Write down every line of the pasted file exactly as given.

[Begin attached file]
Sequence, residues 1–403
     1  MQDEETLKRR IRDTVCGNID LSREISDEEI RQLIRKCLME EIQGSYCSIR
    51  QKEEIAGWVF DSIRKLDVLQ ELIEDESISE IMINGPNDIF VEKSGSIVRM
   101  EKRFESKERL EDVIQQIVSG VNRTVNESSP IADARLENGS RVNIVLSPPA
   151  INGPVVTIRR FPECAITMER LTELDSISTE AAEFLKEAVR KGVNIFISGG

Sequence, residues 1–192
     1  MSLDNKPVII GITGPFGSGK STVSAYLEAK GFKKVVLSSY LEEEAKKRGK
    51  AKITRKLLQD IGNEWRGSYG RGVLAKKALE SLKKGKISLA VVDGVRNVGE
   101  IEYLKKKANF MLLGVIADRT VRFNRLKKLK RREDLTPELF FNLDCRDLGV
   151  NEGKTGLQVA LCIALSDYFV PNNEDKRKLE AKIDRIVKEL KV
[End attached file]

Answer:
Sequence, residues 1–403
     1  MQDEETLKRR IRDTVCGNID LSREISDEEI RQLIRKCLME EIQGSYCSIR
    51  QKEEIAGWVF DSIRKLDVLQ ELIEDESISE IMINGPNDIF VEKSGSIVRM
   101  EKRFESKERL EDVIQQIVSG VNRTVNESSP IADARLENGS RVNIVLSPPA
   151  INGPVVTIRR FPECAITMER LTELDSISTE AAEFLKEAVR KGVNIFISGG

Sequence, residues 1–192
     1  MSLDNKPVII GITGPFGSGK STVSAYLEAK GFKKVVLSSY LEEEAKKRGK
    51  AKITRKLLQD IGNEWRGSYG RGVLAKKALE SLKKGKISLA VVDGVRNVGE
   101  IEYLKKKANF MLLGVIADRT VRFNRLKKLK RREDLTPELF FNLDCRDLGV
   151  NEGKTGLQVA LCIALSDYFV PNNEDKRKLE AKIDRIVKEL KV